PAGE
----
History Of The Bagel

The history of the bagel, the familiar breakfast food that only looks like a doughnut.

A common breakfast among commuters, bagels stand alone as the only bread that is boiled before it is baked, providing chewiness instead of brittle crumbs. Yeast dough is shaped into rings, allowed to rise, then briefly tossed into vigorously boiling water for a few seconds. Then it is baked, where the prior boiling creates a chewy texture. Those that like a bit of gloss on the crust can brush them with sugar water, the traditional method, or egg, a more modern method abhorred by purists.

The origin of the bagel is up for debate, although it seems to have early taken a foothold in Poland. The first printed mention occurs in Krakow, in 1610 in a list of community regulations that stipulate that bagels are to be given to pregnant women. (Interestingly, given the bagel's association as a 'Jewish' food, there is no mention of religion in this regulation-apparently Christian women ate bagels as well). Others support the theory that an Austrian baker created a stirrup (or 'beugal') made out of dough to give to the King of Poland in 1683, in thanks for his help in defeating the Turks, and in honor of his great horsemanship. (Other German variations of the word are: 'beigel', meaning 'ring', and 'bugel', meaning bracelet.)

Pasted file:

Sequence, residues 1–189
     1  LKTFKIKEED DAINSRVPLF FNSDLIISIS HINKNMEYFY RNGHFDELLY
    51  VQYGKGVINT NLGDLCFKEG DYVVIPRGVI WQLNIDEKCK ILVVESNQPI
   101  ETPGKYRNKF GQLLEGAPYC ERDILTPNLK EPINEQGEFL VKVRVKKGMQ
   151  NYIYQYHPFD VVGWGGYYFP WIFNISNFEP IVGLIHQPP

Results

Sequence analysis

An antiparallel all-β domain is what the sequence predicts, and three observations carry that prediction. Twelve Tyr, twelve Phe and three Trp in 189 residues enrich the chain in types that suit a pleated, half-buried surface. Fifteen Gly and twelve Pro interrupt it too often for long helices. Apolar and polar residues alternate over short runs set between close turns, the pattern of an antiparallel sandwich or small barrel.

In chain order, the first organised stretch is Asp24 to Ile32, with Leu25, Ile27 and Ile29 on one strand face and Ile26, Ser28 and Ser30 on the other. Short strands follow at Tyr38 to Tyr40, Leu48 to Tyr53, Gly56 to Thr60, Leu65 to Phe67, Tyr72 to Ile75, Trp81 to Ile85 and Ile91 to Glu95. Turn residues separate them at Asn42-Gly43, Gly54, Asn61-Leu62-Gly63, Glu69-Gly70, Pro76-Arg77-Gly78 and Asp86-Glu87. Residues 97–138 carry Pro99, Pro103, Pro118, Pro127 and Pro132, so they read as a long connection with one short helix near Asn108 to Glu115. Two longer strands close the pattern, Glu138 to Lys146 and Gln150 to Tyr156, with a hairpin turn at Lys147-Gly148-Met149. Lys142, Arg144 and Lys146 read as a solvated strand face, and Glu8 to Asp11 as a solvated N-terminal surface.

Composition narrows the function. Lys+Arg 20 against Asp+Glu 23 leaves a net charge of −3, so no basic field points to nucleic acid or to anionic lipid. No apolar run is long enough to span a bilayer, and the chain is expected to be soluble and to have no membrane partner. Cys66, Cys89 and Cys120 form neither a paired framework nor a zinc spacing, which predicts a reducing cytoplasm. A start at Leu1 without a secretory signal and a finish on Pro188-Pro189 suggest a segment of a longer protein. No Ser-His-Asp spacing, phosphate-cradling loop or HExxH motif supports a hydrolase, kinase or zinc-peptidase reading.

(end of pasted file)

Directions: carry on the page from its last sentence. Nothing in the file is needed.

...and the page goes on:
Despite being popular in Europe among the Jewish residents, it is in America that the bagel becomes widely popular, especially in Chicago and New York. The next bagel breakthrough came in 1872, with the making of cream cheese. In 1880, Philadelphia Cream Cheese was started, and in 1920, Breakstone Cream Cheese. In 1907, a union just for bagel bakers is formed, the International Bakers Union, joining together 300 bakers. Despite New York City's claims for having the best bagels, residents of Montreal would disagree, citing their wood-fired ovens and honey flavored boiling water makes for a superior product.

Polish émigré Harry Lender opens up Lender's Beigel Bakery in 1927 in West Haven, Connecticut. His primary customers are Jewish delicatessens in New York. His sons, Murray and Marvin take over the business as adults, and specialize in the flash-frozen bagel, allowing Americans nationwide to enjoy this previously ethnic and urban food. In 1984, having grown to 600 employees, they will be bought out by Kraft. H. Lender and Sons restaurants in Connecticut now receive the benefit of the true Lender's bagel.

As the bread has spread across the nation, so have variations. Where once they were served plain, or in such traditions flavors as pumpernickel, onion, or sesame seed, they are now available as apple, blueberry, spinach, the very non-kosher ham and cheese, or the incomprehensible 'everything'.

Why have they become so popular? Ease of eating, a greater degree of portability than toast, and a more satisfying chew than ordinary sandwich bread. Plain, they offer a non-sweet alternative to doughnuts (man, was I disappointed in my first bagel-what a terrible doughnut!) Their heartiness makes them more filling than a croissant, and without any type of topping (i.e. cream cheese, butter, or jelly), they are a reasonable 200 calories.

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